German magazine Spiegel reported on 23 July that, while in Tokyo, Karzai had also requested Germany’s help to reopen a channel with the Taleban. Germany had done this before once, before the talks between the Taleban and the US broke down earlier this year. In August, when attending the summit of the Organisation of Islamic Cooperation in Mecca – that mainly dealt with Syria – Karzai also asked for Saudi Arabia’s and this organisation’s support.
More recently, though, at least on three occasions, Karzai was talking ‘harsh’ to the Taleban. Probably for the first time he stated that the Taleban will be held responsible for their actions, first when he addressed graduates of the Afghan Police Academy in Kabul on 17 July and then when visiting Nimruz in the wake of the recent bombings there. In Kabul he said:
‘… they should understand that every murder their perpetrate, every atrocity they commit, these will be in our memory and will not be forgotten. If they are from this country or if they are foreigners, they should understand that they will be held to account one day.’
About a week ago, in a statement on the occasion of Eid, Karzai did not invite the Taleban for reconciliation and, contrary to his usual and much criticised practice so far, did not describe them as ‘brothers’.
Event 2: The Kyoto and Paris conferences
Still in June, meanwhile, and rather sensationally, former Taleban minister, Qari Din Muhammad, was invited to and showed up at an academic conference in Kyoto, simultaneously held alongside the major international conference in Tokyo. At this academic conference, he identified himself – the first time something like this had happened publicly – as a member of the ‘Political Office of the Islamic Emirate of Afghanistan’ (their body for talks) and therefore as a member of the movement’s current leadership. He presented their position on a number of issues, including the ‘Stance of the Islamic Emirate Regarding Reconciliation’:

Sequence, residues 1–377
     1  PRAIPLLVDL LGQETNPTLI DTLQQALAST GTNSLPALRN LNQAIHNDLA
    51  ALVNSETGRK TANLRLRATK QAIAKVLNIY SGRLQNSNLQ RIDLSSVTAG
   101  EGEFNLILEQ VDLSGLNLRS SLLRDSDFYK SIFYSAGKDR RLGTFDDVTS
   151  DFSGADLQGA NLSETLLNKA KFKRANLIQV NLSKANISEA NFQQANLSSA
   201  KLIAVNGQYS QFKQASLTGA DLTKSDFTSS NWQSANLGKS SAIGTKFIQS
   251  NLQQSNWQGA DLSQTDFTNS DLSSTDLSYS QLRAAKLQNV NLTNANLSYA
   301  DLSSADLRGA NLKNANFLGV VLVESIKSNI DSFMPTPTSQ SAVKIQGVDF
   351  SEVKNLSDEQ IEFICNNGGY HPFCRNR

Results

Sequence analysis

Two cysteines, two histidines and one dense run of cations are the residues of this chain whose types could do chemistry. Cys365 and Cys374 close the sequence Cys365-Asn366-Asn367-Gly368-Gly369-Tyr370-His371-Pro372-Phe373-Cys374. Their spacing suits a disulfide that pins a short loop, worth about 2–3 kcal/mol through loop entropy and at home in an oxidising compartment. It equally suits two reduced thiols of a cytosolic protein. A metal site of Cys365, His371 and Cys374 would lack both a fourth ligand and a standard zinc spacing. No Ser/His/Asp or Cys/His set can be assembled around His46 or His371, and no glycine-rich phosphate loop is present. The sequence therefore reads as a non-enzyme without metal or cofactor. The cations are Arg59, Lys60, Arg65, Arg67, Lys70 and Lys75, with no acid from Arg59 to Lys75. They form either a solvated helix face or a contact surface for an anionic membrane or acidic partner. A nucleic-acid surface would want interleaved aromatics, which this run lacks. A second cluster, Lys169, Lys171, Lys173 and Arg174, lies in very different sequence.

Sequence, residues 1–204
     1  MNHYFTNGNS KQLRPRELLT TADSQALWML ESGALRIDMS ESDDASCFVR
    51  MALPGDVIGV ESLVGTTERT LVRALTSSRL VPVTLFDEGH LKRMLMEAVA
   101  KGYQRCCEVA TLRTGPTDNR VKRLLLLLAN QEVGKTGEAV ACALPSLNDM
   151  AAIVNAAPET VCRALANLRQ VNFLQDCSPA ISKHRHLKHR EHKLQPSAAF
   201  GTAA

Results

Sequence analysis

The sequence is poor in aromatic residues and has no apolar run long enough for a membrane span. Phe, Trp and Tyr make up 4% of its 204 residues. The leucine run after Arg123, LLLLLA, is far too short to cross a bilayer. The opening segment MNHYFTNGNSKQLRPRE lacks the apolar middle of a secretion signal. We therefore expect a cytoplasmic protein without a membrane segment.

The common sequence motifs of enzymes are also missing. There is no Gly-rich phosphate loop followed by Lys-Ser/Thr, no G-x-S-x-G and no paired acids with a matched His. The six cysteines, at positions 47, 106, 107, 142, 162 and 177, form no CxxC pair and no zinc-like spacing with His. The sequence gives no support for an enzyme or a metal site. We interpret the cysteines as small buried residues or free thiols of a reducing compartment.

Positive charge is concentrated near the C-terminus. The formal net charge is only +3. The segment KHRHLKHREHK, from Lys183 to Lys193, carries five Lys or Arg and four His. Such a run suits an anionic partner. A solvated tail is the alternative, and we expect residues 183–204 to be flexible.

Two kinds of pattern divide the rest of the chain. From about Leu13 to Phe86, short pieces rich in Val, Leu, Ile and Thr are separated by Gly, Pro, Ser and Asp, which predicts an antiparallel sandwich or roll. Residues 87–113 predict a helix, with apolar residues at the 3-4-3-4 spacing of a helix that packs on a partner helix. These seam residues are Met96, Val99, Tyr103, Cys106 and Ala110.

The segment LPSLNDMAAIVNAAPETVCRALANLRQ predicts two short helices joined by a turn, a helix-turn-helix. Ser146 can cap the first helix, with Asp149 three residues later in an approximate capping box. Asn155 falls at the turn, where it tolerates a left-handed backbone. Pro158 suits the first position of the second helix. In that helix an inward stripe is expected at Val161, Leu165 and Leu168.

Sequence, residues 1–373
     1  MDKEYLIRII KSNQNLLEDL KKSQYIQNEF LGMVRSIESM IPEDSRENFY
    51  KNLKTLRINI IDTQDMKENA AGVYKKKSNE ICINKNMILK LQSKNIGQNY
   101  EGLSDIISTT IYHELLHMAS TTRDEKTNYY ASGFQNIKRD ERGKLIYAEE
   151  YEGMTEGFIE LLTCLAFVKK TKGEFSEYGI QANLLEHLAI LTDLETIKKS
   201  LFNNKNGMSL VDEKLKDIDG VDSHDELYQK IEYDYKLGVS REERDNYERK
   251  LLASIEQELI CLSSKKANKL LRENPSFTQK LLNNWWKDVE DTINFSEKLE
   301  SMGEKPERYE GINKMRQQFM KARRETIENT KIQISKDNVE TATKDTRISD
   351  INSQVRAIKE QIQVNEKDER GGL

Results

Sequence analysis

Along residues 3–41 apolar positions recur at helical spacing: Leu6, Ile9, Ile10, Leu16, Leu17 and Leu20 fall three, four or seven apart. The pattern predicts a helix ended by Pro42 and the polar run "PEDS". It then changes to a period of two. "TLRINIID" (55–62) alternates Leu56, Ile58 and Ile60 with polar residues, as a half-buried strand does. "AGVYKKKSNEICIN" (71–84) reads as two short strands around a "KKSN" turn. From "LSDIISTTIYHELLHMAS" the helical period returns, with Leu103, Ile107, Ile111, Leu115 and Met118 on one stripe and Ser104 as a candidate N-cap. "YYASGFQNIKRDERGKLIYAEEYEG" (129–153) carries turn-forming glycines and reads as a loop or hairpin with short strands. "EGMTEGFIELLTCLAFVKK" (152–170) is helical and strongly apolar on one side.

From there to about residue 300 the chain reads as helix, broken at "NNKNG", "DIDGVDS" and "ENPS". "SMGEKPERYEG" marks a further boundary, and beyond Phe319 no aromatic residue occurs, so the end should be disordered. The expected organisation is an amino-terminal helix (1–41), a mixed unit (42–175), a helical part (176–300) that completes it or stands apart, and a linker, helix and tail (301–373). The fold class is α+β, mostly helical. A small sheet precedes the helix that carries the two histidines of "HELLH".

‘The Islamic Emirate has repeatedly said that the Afghan issue is two dimensional [sic] with internal and external dimensions. The external dimension, which should be dealt with initially, concerns America and the Islamic Emirate, while the internal dimension of the issue is Afghan-related. […] It is to be said that [the] Islamic Emirate is still committed to the peaceful solution of the imbroglio in Afghanistan.’
Even a few days earlier, almost all Afghan factions had attended a meeting organised by a think-tank in Paris. According to 8 Sobh daily (26 June), this included leaders of the political opposition (Qanuni, Mohaqqeq, Zia Massud, Ulumi), the deputy leader of the insurgent wing of Hezb-e Islami, Ghairat Bahir, some ‘reconciled’ Taleban like their ambassadors Abdul Salam Za’if and Abdul Hakim Mujahed, some pro-government figures like Hekmat Karzai, head of a think-tank, and ex-governor Haji Din Muhammad who also served as Karzai’s 2009 campaign manager as well as civil society figures, including ex-human rights commissioner Nader Nadery. Representatives of the insurgent Taleban mainstream were apparently absent.